January 6 is a day of celebration in almost all the world. In many countries, they celebrate the Epiphany. This means the representation of a religious event or revelation, according to the Bible. In other countries that do not follow the Christian religion, the celebration is totally different and there are really interesting and surprising traditions. Bulgaria, that follows the Orthodox religion, has one of them: “Yordanov Den” (the day of Jordan). We will explain it in detail, but first, let’s review some of the most popular celebrations in Europe.
In Spain, every January 6 is being represented by the event in which the three wise men from the East went to leave presents to the newborn Jesus Christ. In our times, this means that these three kings leave gifts for the children in the houses during the night, and they find them in the morning in the living room. Something similar happens in Italy, but the one who leaves gifts for the children, specifically sweets, is an old lady named Befana.
In other countries the celebrations are totally different. For example, in Armenia, Russia or Ukraine, Christmas is celebrated on this day, because they follow the old calendar, different from the Gregorian one. And, in some Balkan countries, as in the case of Bulgaria, an Epiphany is also celebrated but in this case it is the baptism of Jesus Christ, by Saint John the Baptist, in the Jordan River. That is why this day is celebrated “Yordanov den”, this means the name day of those who are called Yordan or Yordanka, but also Dancho, Bogomil, Bogdan, Bogdana, Bozhidar, Dinko, Dinyo, Dana, Dan, Bozhan, Bozhana, Bozhil, Bogolyub or Bogolyuba.
The official celebration in Bulgaria takes place in the river, and consists of a priest throwing a wooden cross into the water and young single men rush to look for it. According to tradition, whoever finds it will be blessed for the whole year. Usually they also dance a traditional “horo” in the water. This happens throughout the country, but the dance that takes place in the small town of Kalofer is very popular.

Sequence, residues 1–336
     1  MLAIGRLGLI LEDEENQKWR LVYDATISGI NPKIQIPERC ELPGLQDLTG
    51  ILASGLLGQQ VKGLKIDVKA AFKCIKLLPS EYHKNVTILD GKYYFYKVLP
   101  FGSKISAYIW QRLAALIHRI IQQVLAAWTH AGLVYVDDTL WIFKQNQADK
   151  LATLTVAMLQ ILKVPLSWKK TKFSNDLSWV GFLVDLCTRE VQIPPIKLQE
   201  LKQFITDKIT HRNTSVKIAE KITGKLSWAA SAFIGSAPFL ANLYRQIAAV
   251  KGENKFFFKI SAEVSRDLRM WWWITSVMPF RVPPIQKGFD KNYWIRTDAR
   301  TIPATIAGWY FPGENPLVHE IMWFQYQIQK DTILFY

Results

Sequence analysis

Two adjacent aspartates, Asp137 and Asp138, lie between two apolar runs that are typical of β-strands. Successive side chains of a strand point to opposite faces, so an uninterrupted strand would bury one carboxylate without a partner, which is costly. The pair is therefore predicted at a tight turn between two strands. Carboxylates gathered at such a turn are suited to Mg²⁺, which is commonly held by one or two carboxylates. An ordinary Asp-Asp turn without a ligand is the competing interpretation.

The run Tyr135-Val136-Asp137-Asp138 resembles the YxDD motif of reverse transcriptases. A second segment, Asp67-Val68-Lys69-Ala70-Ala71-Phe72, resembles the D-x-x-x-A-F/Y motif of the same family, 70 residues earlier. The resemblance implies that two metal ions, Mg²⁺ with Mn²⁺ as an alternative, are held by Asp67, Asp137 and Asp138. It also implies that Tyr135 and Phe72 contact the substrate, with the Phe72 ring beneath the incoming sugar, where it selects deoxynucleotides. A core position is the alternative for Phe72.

This year, in Kazanlak the Coronavirus did not prevent many people from going to the river to witness the event. Of course, wearing masks and trying to maintain a safe distance. Traditions are important, and especially in these times, it is useful to have something to believe in and to be excited about, although it is true that it is necessary to be aware and responsible.
So we, as foreigners, were lucky to be able to enjoy this exceptional event, despite the current situation. We got to the river around 10 in the morning, where the young men were already warming up to get into the water, mainly drinking some wine and rakia. Luckily for them (not for the planet), this year winter is not being so cold. Other years the river is frozen. A little later the priest arrived and then everything happened very quickly, probably because they wanted to avoid people being together for a long time. A very young boy found the cross, they danced a bit, and came out of the water. So we went back to our chores too, wishing the boy a good year and the same for all the people of Kazanlak.